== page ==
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Lecture

January 20 Lecture

5 Pages
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Department
Woodsworth College Courses
Course Code
WDW101Y1
Professor
William Watson

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WDW325H1 January 20, 2011 Abuse of Process Lecture
2
Abuse of Process: Two Types
Entrapment, Prosecutorial abuse of process
General rule: courts have the power to prevent the misuse of its procedure in a way that would a) be
unfair to the accused or b) bring the administration of justice into disrepute
Section 7 of the Charter
Everyone has the right to life, liberty and security of the person and the right not to be deprived thereof
except in accordance with the principles of fundamental justice
RECALL
1. Imprisonment is a deprivation of liberty right
2.Laws or conduct is only illegal if it is not in keeping with the principles of fundamental justice;
-principles of fundamental justice include trial fairness and fair play within the system
Entrapment
-basic argument: but for the police, I would not have committed this crime
-problem with argument; still committed the actus reus with the requisite mens rea
-abuse of process for the police to entrap people into committing criminal offences
Entrapment - R v. Amato (1982 SCC)
FACTS: Mr Amatos manager had a friend (Don) looking for cocaine, Amato said he could not help. A few
days later Don called Amato; Amato said he did not know where to get drugs. Amato got a new job; Don
called there asking Amato for drugs and continues to call 15-20 times over 3 months. Amatos ex-
girlfriend agreed to sell Don 1gm of cocaine, Amato facilitated exchange. Eventually sold ½ ounce of
cocaine for $1100.
But: Don was actually a police informer with a drug-related record who was paid to introduce police to
traffickers; Godwin was a police officer and Dons handler. After the $1100 deal, Don and Godwin put on
pressure for more and more drugs. Amato said Look, I am not a dealer. As far as Im concerned Im not
doing this voluntarily.. Im into this predicament because Ive been pushed this far.. as soon as this is over
I dont want to see any of the both of you again
-Godwin calls 7-8 times in one day, was told he would be attacked, produced more drugs
Trial judge/BCCA evidence falls short of entrapment, BCCA suggested that entrapment should
not be a defence but should mitigate sentence (UK approach)
ISSUES: should entrapment be a defence? S.7(3)
-common law defence, controls against overzealous law enforcement that leads an innocent person to
commit crime
2) What constitutes entrapment?
US approach: when the criminal design originates, not with the accused, but is conceived in the mind of
the government officers, and the accused is by persuasion, deceitful representation, or inducement lured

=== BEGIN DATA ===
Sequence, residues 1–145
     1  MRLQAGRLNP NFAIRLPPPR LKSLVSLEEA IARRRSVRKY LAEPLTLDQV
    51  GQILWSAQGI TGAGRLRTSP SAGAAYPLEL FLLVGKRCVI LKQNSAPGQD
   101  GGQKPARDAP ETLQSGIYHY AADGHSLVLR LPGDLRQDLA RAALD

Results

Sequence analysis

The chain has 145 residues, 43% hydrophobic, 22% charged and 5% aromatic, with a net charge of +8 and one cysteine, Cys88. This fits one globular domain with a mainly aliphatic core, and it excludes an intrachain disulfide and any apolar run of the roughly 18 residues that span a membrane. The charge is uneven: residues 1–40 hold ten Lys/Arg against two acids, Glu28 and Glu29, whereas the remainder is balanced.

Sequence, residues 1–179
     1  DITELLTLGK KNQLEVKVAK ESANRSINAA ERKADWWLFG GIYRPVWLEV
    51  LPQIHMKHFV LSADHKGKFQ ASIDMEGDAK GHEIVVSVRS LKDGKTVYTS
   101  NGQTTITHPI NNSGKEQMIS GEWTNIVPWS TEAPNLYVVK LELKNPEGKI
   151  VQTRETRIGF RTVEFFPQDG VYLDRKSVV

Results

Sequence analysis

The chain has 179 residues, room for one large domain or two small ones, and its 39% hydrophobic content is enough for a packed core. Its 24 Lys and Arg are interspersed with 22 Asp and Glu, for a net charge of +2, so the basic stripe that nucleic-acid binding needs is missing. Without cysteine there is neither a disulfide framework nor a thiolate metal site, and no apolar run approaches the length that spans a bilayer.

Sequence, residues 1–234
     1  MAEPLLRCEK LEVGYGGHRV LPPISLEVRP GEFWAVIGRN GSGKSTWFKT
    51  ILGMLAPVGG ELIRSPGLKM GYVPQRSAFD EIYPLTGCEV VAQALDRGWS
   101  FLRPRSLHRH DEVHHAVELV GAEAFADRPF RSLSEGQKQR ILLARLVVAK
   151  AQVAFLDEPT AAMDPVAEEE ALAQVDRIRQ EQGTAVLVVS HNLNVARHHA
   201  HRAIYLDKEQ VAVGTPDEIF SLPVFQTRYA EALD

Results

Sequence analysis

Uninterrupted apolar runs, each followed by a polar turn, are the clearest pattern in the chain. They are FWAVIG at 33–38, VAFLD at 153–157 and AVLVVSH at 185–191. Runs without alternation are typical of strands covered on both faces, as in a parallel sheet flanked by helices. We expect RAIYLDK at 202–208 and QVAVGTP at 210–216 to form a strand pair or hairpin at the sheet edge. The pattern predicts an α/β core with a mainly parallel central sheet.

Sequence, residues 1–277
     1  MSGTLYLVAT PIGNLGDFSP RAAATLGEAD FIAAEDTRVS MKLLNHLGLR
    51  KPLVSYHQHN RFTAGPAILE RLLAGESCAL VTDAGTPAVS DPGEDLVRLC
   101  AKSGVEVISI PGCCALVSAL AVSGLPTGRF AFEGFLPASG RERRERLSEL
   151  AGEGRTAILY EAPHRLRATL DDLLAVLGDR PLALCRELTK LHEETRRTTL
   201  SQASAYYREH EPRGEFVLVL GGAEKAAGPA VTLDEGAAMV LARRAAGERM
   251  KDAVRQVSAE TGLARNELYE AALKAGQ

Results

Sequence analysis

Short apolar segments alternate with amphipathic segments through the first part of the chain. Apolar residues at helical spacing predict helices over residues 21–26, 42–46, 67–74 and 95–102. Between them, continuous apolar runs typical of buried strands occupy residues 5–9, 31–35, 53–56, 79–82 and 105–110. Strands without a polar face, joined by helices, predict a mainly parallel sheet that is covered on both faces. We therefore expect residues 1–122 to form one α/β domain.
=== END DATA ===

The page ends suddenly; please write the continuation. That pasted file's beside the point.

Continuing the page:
into the commission of a criminal act, the government is estopped by sound public policy from prosecution.
Canadian Approach: to constitute entrapment
a)Scheme must originate with police
b)Purpose to obtain evidence of crime not committed
c)So shocking and outrageous to bring administration of justice into disrepute
3) What is the appropriate remedy? Options:
a) dismissal of charges/acquittal
b) quash the charges (charges were invalid from the beginning)
c) stay the prosecution (no longer entitled to have a trial)
Chose Stay of Proceedings
-not an acquittal, finding that crown is not entitled to conviction
www.notesolution.com
-crown forfeits right to trial because of their conduct or conduct of police
-only available in the clearest of cases where compelling an accused to stand trial would violate the
communitys sense of fair play and decency and to prevent the abuse of the courts process through
oppressive or vexatious proceedings
(R. v. Young)
-the test for proving entrapment is quite difficult to meet because of the severe remedy
Was Amato entrapped? No; solicitation by a state agent is not sufficient, persistent solicitation is not
enough, police action must be so shocking as to bring the administration of justice into disrepute
R. v. Mack (1988 SCC)
FACTS: Momotuik was a drug dealer in Ontario, brought to Vancouver to act as a police agent. Mack was
a former drug user and dealer who had given up drugs. Momotiuk called Mack a number of times to get
involved in large scale importing and Mack refused. Momotuik approaches Mack again, he went for a
walk, produced a gun and said someone could get lost and Mack agreed to get involved. Obtained a
sample of cocaine, Momotuik tested it and told Mack to get as much as he could; Mack tried to get a pound
but only got 12oz ($27000), charged and argued he was entrapped.
Test for Entrapment: a) police provide an opportunity to commit an offence without
acting on a reasonable suspicion that this person is already engaged in criminal activity or
pursuant to a bona fide inquiry OR b) police have a reasonable suspicion or are acting in the
course of a bona fide inquiry but they go beyond providing an opportunity and induce the
commission of an offence
Method A)